The opinion of the court was delivered by: Lahtinen, J.
Published by New York State Law Reporting Bureau pursuant to Judiciary Law § 431.
This opinion is uncorrected and subject to revision before publication in the Official Reports.
Calendar Date: January 8, 2009
Before: Cardona, P.J., Peters, Rose, Lahtinen and Kane, JJ.
Appeal from an order of the Supreme Court (Lynch, J.), entered November 26, 2007 in Rensselaer County, which granted defendants' motion to dismiss the complaint.
Plaintiffs and defendants are disputing neighbors. Plaintiffs commenced this trespass action contending in their first and second causes of action that defendants' underground septic system encroaches upon their property and, in their third and fourth causes of action, that an access easement granted in 1985 to defendants over the property now owned by plaintiffs had been extinguished by adverse possession or abandonment. Defendants made a preanswer motion to dismiss pursuant to CPLR 3211 (a) (1) asserting a defense founded upon documentary evidence. Supreme Court granted the motion and plaintiffs now appeal.
In this procedural context, "the court must afford the pleadings a liberal construction, take the allegations of the complaint as true and provide plaintiff the benefit of every possible inference" (EBC I, Inc. v Goldman, Sachs & Co., 5 NY3d 11, 19 ). "Whether a plaintiff can ultimately establish its allegations is not part of the calculus in determining a motion to dismiss" (id.). When the motion to dismiss is premised upon documentary evidence, "such motion may be appropriately granted only where the documentary evidence utterly refutes plaintiff's allegations, conclusively establishing a defense as a matter of law" (Goshen v Mutual Life Ins. Co. of N.Y., 98 NY2d 314, 326 ). While factual affidavits submitted by a plaintiff may be considered to remedy defects in the complaint (see Leon v Martinez, 84 NY2d 83, 88 ), affidavits submitted by a defendant do not constitute documentary evidence upon which a proponent of dismissal can rely (see Realty Invs. of USA v Bhaidaswala, 254 AD2d 603, 604-605 ; Siegel, Practice Commentaries, McKinney's Cons Laws of NY, Book 7B, CPLR 3211:10, at 21-22).
The first and second causes of action involve the underground septic system, which defendants asserted had been in place, operational and openly serviced since before they purchased their lot in 1985. There is no easement in their deed regarding the septic tank and leach fields. They assert a prescriptive easement, but such assertion rests on factual affidavits submitted by or on behalf of defendants. While such affidavits might suffice to establish the elements of their defense in a motion for summary judgment, they do not afford a proper basis for a motion to dismiss based on documentary evidence. Accordingly, dismissal of the first and second causes of action must be reversed.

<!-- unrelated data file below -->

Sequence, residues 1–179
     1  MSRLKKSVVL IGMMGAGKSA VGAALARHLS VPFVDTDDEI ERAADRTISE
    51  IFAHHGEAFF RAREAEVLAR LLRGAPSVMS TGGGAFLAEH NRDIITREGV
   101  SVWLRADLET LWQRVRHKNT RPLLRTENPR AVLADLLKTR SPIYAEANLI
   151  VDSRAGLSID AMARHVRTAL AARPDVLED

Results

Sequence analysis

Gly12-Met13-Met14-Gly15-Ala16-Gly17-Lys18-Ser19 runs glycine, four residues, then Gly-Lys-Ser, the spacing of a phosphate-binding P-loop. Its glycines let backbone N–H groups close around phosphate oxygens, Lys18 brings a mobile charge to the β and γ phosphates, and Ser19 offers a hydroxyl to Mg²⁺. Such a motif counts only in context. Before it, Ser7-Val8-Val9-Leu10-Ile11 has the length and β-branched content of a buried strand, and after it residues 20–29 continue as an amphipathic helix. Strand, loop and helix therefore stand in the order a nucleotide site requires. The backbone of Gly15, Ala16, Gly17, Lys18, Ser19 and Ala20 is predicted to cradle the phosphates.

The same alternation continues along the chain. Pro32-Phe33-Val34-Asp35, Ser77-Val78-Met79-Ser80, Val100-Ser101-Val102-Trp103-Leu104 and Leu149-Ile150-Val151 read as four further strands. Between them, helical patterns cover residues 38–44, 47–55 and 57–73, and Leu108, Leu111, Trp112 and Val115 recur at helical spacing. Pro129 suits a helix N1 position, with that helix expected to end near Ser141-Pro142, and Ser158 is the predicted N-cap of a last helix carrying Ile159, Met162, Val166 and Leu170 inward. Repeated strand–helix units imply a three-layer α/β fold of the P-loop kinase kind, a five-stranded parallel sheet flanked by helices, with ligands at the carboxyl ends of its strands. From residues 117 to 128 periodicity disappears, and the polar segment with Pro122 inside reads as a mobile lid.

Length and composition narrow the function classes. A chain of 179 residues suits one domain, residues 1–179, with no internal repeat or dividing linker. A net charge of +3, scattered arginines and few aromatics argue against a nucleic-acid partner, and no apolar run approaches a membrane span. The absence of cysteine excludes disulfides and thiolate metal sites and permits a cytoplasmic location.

The defense to the third and fourth causes of action is, however, supported by appropriate documentary evidence. The specifically described easement on the north boundary of plaintiffs' lot is set forth in defendants' 1985 deed, plaintiffs' 1993 deed provided that they took title subject to the easement and, significantly, the parties had acknowledged the existence and validity of the access easement in a signed document in 2002. These documents were all produced by defendants, they are proper documents for consideration on a motion to dismiss pursuant to CPLR 3211 (a) (1), and plaintiffs did not challenge the authenticity of any of these documents. We agree with Supreme Court that these documents conclusively established the continuing validity of the access easement and, accordingly, the third and fourth causes of action were properly dismissed (see Adamkiewicz v Lansing, 288 AD2d 531, 532 ; see also M. Fund, Inc. v Carter, 31 AD3d 620, 621 ; Yoshiharu Igarashi v Shohaku Higashi, 289 AD2d 128, 128 ).
Cardona, P.J., Peters, Rose and Kane, JJ., concur.
ORDERED that the order is modified, on the law, without costs, by reversing so much thereof as granted defendants' motion to dismiss the first and second causes of action; motion denied to that extent and defendants are directed to serve an answer within 20 days of the date of this Court's decision; and, as so modified, affirmed.
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